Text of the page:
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Disc film

Kodak introduced disc film in 1982. This uncommon film format came in the form of flat disc fully housed within in a plastic cartridge. Each disc holds fifteen 10 x 8 mm exposures, arranged around the outside of the disc – very small in comparison with the much more common 35mm film format.

But because the disc film produced photo prints of disappointing quality, it was discontinued and disappeared from the market again just six years after it arrived.

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Developed or not?

If you don’t know if there is still film in the cartridge, or whether it’s been used or not, take it to a photo lab. They might be able to develop the film or tell you that it’s empty. But don’t get your hopes up too soon – many labs can’t develop disc film anymore.

To find a photo lab near you, have a look here.

Other film formats

In addition to disc film, numerous other film formats are used in photography. You can find a handy overview here.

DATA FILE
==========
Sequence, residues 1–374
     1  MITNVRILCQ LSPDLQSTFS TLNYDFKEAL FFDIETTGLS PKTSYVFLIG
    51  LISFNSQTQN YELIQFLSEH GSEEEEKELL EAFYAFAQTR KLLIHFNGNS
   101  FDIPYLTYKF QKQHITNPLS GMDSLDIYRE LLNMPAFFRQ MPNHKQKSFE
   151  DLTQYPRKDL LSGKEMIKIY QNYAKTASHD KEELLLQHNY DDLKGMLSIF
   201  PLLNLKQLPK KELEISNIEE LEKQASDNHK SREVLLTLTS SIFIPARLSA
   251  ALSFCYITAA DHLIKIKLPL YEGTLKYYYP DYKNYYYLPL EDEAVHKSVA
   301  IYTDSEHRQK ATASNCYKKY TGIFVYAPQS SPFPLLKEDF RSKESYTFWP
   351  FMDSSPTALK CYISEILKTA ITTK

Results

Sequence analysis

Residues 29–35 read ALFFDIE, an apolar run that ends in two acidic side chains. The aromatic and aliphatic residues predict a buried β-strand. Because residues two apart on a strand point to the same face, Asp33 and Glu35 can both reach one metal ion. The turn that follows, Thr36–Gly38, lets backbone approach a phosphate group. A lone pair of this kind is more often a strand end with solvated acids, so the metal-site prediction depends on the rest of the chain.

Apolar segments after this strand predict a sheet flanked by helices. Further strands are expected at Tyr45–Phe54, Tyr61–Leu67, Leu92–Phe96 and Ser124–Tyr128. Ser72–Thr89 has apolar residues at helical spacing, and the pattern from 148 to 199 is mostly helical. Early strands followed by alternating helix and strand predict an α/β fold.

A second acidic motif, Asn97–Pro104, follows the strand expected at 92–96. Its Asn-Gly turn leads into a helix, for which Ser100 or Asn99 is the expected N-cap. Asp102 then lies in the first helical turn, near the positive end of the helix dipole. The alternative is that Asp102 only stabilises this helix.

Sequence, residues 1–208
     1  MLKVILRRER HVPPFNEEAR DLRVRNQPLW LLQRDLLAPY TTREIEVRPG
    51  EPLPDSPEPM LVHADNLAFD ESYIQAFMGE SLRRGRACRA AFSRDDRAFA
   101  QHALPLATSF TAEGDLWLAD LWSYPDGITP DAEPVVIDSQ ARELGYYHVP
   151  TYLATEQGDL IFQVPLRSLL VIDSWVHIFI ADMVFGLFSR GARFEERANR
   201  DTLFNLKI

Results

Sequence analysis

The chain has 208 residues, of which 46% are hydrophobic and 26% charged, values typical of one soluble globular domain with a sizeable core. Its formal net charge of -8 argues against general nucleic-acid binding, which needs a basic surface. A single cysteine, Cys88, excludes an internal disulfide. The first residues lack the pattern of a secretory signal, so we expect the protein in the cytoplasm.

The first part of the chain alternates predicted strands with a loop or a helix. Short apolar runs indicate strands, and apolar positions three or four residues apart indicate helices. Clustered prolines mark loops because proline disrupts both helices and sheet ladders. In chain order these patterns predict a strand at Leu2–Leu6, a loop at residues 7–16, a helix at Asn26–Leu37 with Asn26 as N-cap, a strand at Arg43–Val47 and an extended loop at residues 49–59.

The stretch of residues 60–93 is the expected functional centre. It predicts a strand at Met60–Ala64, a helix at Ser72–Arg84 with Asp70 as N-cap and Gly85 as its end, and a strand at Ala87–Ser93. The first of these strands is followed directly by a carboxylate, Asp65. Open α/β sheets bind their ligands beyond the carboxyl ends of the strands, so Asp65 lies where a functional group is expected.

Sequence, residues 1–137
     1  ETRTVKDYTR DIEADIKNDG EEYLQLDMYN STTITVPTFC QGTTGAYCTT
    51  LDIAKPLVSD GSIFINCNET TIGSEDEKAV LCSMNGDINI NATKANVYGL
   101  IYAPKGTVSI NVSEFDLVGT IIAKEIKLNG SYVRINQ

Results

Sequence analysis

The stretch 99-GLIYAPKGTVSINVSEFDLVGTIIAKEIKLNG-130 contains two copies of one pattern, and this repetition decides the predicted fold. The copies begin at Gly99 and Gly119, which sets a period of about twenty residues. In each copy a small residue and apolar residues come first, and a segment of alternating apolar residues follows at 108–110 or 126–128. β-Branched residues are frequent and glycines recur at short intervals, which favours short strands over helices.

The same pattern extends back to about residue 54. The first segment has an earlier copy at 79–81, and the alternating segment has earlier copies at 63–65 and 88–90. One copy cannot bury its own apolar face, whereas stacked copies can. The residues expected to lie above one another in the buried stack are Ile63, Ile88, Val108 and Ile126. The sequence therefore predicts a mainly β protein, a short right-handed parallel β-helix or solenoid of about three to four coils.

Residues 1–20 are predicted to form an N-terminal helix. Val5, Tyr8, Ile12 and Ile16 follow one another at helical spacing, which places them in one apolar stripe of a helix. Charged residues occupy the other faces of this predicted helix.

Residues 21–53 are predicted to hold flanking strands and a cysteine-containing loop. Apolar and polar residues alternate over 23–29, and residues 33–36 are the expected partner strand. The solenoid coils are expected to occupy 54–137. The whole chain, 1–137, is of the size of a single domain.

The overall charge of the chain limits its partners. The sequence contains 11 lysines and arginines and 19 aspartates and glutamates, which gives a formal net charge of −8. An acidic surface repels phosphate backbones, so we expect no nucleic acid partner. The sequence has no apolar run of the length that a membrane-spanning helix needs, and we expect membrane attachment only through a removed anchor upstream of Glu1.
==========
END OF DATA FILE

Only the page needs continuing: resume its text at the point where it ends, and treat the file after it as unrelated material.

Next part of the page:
Read more about this unusual film format:

Did you know …

… disc film is sometimes confused with View-Master reels? This is a round disc with six pairs of small, almost identical photos opposite each other which produce a 3D effect. You can find more info about the View-Master reel here.

Meer info over de View-Masterschijf vind je hier.

邱鈺鋒, CC BY-SA 4.0, via Wikimedia Commons, removed background
Khurata, Public domain, via Wikimedia Commons, removed background
CTHOE, CC BY-SA 3.0, via Wikimedia Commons, removed background

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